By Wendy Castellanos

1. Be Open Minded

It’s easy to be frustrated when you see someone doing something differently than you envisioned. Stop and ask yourself, “Did the task get completed within the parameters I provided?” If so, great! If not, maybe you need to be clearer with your instructions. Just because someone doesn’t do something the exact same way you would, doesn’t mean it’s the wrong way. Be open minded to new ways of doing things. Who knows? Maybe you’ll find a cool, new way of doing something. 


2. Create An Environment That Fosters Collaboration

Let your employees speak freely. This is especially important while working with a team of people. We’ve all been there where there’s “Chatty Kathy” who chimes in on everything while you’ve got “Meek Mindy” who refrains from speaking up because she can’t get a word in edgewise. Call on Mindy to share what she’s thinking and don’t get railroaded by Kathy. Allow all team members an equal chance to speak up. Use phrases like “tell me more” to get more information.


3. Allow An Open Door Policy

We’re humans and not robots; be available for your employees and coworkers to share their feelings. Maintaining an open door policy shows that you care about your employees. Be there to support them and help them to feel comfortable enough to share their ideas. Make sure you remain neutral and don’t cross the line of being too personal, that’s where problems can start.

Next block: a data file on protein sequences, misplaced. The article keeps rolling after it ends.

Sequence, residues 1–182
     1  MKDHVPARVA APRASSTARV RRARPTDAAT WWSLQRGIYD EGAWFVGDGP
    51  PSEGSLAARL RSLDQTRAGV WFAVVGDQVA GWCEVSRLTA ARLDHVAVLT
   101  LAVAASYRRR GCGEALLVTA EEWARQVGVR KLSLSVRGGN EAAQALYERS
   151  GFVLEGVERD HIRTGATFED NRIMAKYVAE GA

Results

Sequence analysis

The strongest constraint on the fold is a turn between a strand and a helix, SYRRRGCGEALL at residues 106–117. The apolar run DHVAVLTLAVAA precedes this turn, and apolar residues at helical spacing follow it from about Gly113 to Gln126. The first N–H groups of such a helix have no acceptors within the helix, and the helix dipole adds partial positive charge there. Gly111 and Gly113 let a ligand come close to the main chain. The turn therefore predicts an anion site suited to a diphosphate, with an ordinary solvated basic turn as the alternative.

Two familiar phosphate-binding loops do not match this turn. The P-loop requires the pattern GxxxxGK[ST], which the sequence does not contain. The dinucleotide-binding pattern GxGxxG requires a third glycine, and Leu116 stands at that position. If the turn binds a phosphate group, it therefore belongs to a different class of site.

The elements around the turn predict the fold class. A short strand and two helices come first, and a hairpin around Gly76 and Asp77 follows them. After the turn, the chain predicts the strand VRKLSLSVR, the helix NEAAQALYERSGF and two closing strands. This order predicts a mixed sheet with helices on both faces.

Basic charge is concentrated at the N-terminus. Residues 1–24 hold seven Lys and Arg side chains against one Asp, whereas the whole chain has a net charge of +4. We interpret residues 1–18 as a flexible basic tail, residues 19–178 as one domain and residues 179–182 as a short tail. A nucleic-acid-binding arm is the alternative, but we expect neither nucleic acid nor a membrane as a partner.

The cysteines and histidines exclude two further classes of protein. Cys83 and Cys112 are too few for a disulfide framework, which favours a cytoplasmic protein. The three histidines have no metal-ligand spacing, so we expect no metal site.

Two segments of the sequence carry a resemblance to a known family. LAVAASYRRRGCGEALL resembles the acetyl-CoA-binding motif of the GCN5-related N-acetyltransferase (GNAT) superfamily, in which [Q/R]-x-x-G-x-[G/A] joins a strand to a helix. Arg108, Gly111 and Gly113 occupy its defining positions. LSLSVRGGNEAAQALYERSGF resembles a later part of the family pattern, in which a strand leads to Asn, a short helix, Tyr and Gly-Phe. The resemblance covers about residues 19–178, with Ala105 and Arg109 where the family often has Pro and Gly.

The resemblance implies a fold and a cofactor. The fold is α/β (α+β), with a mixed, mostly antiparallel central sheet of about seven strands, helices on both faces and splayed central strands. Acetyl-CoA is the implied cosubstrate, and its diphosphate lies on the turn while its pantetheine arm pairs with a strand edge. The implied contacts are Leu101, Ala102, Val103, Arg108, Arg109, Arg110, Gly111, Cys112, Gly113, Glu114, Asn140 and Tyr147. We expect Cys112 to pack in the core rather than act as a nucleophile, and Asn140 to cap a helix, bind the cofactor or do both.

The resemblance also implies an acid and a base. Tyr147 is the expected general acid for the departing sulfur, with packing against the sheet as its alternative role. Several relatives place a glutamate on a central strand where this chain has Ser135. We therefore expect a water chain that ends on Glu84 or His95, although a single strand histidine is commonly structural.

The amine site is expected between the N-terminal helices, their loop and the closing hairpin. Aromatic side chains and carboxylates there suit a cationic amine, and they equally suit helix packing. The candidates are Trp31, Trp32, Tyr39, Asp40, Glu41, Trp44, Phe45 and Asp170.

4. Practice What You Preach

This one is simple: be the example of what you want your employees to be. I once worked for a manager that gave me grief about leaving early for a doctor’s appointment, yet she was in the office maybe (maybe!) 2 days a week because she was “sick” or had other personal issues. It was hard for me to respect the feedback she gave because she wasn’t following her own guidelines.


5. Be Timely With Your Feedback

Nobody is perfect and we all need a little bit of coaching. However, you need to be timely with your feedback. Give feedback as the issue is occurring; don’t wait until review time or until weeks/months have passed. It’s like having food stuck in your teeth, would you want someone to wait until you’ve walked around all day to let you know or would you rather have someone tell you as it’s happening? Bonus, by addressing the issue sooner, there's a greater likelihood that the issue will be resolved right away! 


What tips do you have? What are some things your bosses have done that helped you in your role?